Student Missionaries Serve in Paradise

Take a closer look at student missionaries that take a year serving the Lord in paradise.

Google the word “Micronesia” and you will be awestruck by the images. Brilliant blue waves. Mounds of green palm trees. White sandy shores. But look closer, or you will miss the most beautiful part: the people. The vast ocean region of Guam-Micronesia Mission (GMM) covers an area roughly the size of the continental U.S. and contains thousands of islands with a combined land mass the size of Jacksonville, Florida. Dispersed among the 92 inhabited islands are numerous languages, cultures, and values. That is the challenge met by the many missionaries who have come here to share God’s message of love with His Micronesian children. GMM missionaries serve at Seventh-Day Adventist churches, clinics, and are especially visible at the schools.

The eleven schools across Micronesia depend heavily on student missionaries, or SMs, who volunteer to live for ten months in an island community. SMs play a key part in building relationships with the children and their families through education and local outreach. Week of prayers, community service, and school gardens are just a few of the opportunities to reveal a bigger picture of God’s love. As they prepare students holistically, SDA schools have established a reputation for being among the best in their community, with alumni including  prominent political and business leaders.

Most SMs are university students who learned of the different position needs through their Adventist university Missions Coordinator. One of those students answered the call to teach and committed to serve on a 30-mile long strip of land in the Marshall Islands called Majuro. Trading arctic blasts for ocean breezes, Libby from Palmer, Alaska paused her Mechanical Engineering program at Walla Walla University to teach 1st Grade. The scene during recess is bright, not only because of the tropical sun, but brightened by rambunctious students as they laugh infectiously, bouncing between each other and “Miss Libby”.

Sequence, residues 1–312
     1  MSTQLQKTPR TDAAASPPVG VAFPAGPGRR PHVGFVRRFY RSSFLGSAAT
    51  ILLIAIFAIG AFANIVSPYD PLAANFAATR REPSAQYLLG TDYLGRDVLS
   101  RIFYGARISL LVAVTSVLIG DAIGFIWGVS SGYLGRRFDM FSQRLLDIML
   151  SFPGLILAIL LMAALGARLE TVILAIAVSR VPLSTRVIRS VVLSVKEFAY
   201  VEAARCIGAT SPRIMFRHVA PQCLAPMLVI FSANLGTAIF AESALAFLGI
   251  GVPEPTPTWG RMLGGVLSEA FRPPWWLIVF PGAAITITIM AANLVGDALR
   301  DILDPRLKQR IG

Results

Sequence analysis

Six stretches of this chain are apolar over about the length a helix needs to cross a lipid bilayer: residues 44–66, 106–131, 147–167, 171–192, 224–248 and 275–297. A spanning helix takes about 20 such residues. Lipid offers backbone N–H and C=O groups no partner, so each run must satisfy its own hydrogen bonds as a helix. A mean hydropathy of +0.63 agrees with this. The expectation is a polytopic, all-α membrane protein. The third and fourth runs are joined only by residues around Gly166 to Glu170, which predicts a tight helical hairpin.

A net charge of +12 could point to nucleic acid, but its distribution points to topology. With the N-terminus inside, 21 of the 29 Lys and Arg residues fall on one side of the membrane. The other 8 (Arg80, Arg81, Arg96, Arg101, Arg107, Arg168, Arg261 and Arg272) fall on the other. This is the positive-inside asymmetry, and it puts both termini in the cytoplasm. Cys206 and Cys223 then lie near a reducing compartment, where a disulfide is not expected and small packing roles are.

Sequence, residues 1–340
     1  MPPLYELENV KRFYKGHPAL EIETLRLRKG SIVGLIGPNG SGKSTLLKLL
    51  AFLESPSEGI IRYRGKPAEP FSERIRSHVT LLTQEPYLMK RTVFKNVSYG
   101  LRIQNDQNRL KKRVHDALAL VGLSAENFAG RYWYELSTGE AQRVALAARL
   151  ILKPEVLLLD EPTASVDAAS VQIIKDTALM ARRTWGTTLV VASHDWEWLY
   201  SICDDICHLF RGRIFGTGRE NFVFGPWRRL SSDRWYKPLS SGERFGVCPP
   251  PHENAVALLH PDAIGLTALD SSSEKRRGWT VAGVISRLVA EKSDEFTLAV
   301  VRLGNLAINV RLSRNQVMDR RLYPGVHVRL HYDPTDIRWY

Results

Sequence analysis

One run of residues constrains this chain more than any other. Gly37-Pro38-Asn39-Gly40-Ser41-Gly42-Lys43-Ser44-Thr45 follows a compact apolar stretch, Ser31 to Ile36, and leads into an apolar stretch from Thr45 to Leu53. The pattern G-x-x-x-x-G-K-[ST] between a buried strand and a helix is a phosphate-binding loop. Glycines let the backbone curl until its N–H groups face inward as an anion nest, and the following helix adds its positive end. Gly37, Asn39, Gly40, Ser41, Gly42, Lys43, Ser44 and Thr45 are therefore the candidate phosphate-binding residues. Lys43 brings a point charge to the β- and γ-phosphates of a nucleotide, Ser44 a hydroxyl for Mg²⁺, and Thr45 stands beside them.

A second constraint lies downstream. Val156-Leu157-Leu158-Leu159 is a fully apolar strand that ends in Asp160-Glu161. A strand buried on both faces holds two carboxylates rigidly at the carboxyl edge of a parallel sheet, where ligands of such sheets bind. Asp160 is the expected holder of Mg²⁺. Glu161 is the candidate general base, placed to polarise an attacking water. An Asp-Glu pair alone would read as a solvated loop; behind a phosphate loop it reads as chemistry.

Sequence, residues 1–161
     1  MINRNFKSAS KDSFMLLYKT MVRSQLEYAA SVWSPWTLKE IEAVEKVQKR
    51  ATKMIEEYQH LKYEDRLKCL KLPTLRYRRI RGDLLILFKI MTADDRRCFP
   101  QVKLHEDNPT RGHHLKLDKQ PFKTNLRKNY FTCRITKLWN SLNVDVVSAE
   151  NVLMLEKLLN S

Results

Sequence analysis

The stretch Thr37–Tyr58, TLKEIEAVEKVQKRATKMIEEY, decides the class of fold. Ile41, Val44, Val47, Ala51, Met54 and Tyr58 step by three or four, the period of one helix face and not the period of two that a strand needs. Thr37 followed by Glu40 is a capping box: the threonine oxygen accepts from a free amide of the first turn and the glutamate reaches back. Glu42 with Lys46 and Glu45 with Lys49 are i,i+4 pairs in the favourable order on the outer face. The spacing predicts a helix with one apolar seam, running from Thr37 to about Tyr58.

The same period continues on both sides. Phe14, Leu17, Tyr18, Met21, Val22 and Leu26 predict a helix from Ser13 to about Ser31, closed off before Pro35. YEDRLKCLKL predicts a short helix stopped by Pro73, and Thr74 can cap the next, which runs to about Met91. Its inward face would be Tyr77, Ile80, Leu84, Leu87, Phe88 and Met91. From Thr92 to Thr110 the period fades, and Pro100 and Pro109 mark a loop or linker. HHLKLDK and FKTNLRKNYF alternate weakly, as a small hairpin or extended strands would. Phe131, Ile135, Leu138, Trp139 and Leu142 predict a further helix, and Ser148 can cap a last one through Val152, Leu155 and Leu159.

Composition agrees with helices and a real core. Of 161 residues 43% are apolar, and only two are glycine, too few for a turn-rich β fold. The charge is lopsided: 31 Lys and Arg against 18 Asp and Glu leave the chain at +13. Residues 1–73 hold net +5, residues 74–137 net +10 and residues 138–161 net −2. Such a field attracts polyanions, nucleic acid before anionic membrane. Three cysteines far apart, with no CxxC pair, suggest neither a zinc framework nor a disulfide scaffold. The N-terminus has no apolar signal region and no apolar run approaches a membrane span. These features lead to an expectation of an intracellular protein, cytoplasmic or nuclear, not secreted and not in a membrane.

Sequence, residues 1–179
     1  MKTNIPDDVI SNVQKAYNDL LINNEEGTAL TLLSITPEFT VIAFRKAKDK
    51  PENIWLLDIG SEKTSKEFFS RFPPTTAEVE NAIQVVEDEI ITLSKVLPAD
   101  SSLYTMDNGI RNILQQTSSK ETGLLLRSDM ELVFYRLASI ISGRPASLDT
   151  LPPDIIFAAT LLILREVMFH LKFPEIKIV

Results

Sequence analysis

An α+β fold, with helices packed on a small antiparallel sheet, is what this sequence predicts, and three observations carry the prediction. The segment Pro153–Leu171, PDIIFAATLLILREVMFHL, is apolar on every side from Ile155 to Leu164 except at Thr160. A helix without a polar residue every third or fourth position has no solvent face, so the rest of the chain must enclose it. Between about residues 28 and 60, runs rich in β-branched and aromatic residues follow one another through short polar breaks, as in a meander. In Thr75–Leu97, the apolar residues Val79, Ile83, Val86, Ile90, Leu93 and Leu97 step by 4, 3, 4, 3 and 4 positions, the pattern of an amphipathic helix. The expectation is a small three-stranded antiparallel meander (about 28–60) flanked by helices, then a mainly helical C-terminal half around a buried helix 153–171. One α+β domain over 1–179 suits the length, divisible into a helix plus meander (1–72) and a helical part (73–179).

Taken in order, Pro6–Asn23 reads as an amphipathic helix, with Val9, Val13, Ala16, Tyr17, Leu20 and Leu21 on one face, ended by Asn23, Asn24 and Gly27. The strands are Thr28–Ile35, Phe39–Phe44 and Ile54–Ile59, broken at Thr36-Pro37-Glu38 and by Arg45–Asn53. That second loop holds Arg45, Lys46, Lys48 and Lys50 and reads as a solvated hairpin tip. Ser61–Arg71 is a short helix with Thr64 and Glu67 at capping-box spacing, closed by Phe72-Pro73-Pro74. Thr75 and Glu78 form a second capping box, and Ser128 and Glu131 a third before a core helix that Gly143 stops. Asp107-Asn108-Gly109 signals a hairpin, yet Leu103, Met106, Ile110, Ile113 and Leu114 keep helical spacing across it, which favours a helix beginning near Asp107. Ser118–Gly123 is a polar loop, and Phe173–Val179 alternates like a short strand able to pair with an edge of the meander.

If you look to the island of Kosrae, you will find that there are other missionaries like Caleb, who completed his higher education in IT at a public college before choosing to venture across the Pacific. His sense of adventure was even greater than the ocean he crossed to reach Kosrae.  He had not traveled beyond the three states bordering his Washington home until he flew to this lush island known as the “Jewel of Micronesia”. Ready to share God with his middle-school students, Caleb’s adventure had just begun.

Libby with a few of her students

For some volunteers, serving as a student missionary has fulfilled a childhood dream. Cameron was elementary age when his father became an administrator at the GMM headquarters in Guam. At the age of twelve, Cameron accompanied his father on a visit to the Marshallese island of Ebeye. The tiny 80-acre island made a huge impression on him. It was during that trip that Cameron decided to one day return as a student missionary.

Towering over his 6th Grade class, he now influences children of the same impressionable age that he was when he made that life-changing decision.

The stunning beauty of Micronesia may be what draws many missionaries to this part of the world. Yet it is the welcoming faces and hearts of the Micronesian people that compel missionaries to return and to inspire their friends back home to serve as well. Look closer at the pictures. Look deeper into your own heart. Then prayerfully ask the Lord to show you where and how He wants you to serve and support His work.  

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